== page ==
Dabney Coleman

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Dabney Coleman
Coleman in The Towering Inferno (1974)
Dabney Wharton Coleman

(1932-01-03) January 3, 1932 (age 86)
ResidenceBrentwood, California, U.S.
Years active1961–present
  • Ann Courtney Harrell
    (m. 1957; div. 1959)
  • Jean Hale
    (m. 1961; div. 1984)
Children4, including Quincy

Dabney Wharton Coleman (born January 3, 1932) is an American actor.

Coleman's best known films include The Towering Inferno (1974), 9 to 5 (1980), On Golden Pond (1981), Tootsie (1982), WarGames (1983), Cloak & Dagger (1984), The Beverly Hillbillies (1993), You've Got Mail (1998), Recess: School's Out (2001), Moonlight Mile (2002), and Rules Don't Apply (2016).[1]

Coleman's television roles include the title character in Buffalo Bill (1983–1984), Burton Fallin in The Guardian (2001–2004), the voice of Principal Peter Prickly in Recess (1997–2001), and Louis "The Commodore" Kaestner in Boardwalk Empire (2010–2011). He has won one Primetime Emmy Award from six nominations and one Golden Globe Award from three nominations.

Early life[edit]

Coleman was born in Austin, Texas, the son of Mary Wharton (née Johns) and Melvin Randolph Coleman.[2][3] He entered the Virginia Military Institute in 1949, then studied law at the University of Texas before turning to acting. He was drafted in 1953 to the United States Army and served in Europe.


Coleman is a character actor with roles in well over 60 films and television programs to his credit. He trained with Sanford Meisner at the Neighborhood Playhouse School of the Theater in New York City from 1958-60.[citation needed] Early roles in his career included a US Olympic skiing team coach in the 1969 Downhill Racer, a high-ranking fire chief in The Towering Inferno (1974), and a wealthy Westerner in Bite the Bullet (1975). He portrayed an FBI agent in Attack on Terror: The FBI vs. the Ku Klux Klan (1975).

He landed the main antagonist part of Franklin Hart, Jr., a sexist boss on whom three female office employees get their revenge in 1980's Nine to Five. It was this film that established Coleman in the character type he is most identified with and has frequently played since - a comic relief villain. Coleman followed Nine to Five with the role of the arrogant, sexist, soap opera director in Tootsie (1982), further enforcing audiences' identification of him as a smarmy, devious foil to a film's main character. He broke from this type somewhat, however, in his portrayal of military computer scientist John McKittrick in WarGames (1983). Since then, Coleman has consistently shifted between roles in serious drama and comedies.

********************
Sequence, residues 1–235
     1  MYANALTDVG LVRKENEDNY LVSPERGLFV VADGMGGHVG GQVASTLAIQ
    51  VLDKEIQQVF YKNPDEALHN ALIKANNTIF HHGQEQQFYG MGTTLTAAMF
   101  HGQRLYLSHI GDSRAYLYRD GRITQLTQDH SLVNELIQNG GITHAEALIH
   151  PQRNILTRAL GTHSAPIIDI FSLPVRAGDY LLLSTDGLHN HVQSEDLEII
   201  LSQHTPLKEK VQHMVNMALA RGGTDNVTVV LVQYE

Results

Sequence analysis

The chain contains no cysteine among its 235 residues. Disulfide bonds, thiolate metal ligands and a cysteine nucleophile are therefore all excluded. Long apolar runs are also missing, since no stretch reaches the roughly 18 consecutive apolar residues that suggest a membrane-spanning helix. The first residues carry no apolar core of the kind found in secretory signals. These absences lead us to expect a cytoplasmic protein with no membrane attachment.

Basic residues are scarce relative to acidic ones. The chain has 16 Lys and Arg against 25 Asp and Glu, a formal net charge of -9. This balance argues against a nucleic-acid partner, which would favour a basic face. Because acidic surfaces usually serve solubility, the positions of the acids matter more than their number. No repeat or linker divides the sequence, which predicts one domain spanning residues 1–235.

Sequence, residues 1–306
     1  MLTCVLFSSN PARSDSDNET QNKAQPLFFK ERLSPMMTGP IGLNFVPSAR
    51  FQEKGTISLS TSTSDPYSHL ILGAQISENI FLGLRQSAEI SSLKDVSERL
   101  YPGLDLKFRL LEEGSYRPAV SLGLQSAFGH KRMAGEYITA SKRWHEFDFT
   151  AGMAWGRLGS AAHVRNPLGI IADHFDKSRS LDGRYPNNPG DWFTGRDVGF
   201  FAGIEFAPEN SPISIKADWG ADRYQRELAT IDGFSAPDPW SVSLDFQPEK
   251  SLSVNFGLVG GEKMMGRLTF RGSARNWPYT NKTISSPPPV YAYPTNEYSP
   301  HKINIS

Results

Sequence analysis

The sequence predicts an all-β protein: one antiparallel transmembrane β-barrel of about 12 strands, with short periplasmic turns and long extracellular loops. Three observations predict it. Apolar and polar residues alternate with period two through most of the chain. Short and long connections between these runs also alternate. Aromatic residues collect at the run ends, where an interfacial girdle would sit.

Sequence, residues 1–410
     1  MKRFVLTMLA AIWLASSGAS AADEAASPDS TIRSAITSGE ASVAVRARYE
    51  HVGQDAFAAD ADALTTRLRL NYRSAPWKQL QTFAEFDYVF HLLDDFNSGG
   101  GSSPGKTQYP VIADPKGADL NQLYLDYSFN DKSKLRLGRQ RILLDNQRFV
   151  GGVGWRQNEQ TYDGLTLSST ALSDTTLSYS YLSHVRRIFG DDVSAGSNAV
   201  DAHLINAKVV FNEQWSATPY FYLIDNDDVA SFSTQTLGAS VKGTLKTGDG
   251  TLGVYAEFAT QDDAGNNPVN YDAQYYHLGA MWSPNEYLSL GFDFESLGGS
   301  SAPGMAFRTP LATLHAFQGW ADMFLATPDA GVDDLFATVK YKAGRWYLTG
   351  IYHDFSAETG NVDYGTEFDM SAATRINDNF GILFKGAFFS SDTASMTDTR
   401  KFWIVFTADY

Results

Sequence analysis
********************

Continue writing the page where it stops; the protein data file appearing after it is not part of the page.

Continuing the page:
Coleman received his first Emmy nomination for his lead role in the critically acclaimed, though short-lived, TV series Buffalo Bill. In 1987, he received an Emmy Award for his role in the TV movie Sworn to Silence.[4] He appeared in the feature film On Golden Pond (1981), playing the fiancé of Chelsea Thayer Wayne (Jane Fonda). Coleman played a Hugh Hefner-ish magazine mogul in the comedy Dragnet (1987), Bobcat Goldthwait's boss in the 1988 talking-horse comedy Hot to Trot, and befuddled banker Milburn Drysdale in the feature film The Beverly Hillbillies (1993). Coleman played Gerald Ellis in Clifford (1994).

From 1997 to 2001, Coleman provided the voice of Principal Prickly on the animated series Recess. He also played a philandering father in You've Got Mail (1998). More recently, Coleman appeared as a casino owner in 2005's Domino. He received acclaim as Burton Fallin in the TV series The Guardian (2001–04). For two seasons, from 2010 to 2011, Coleman was a series regular on HBO's Boardwalk Empire.

On November 6, 2014, Coleman received a star on the Hollywood Walk of Fame.[5]

Personal life[edit]

Coleman resides in Brentwood, California.[6] He has been divorced twice. He was married to Ann Courtney Harrell from 1957 to 1959 and Jean Hale from 1961 to 1984. He has four children with Hale: Meghan, Kelly, Randy, and singer Quincy.[7]

In 1998, Coleman worked with fellow actor Bronson Pinchot at the Biltmore Estate in Asheville, North Carolina to help protect local forests and helped lead a campaign to educate others on how to care for and protect forests nationwide.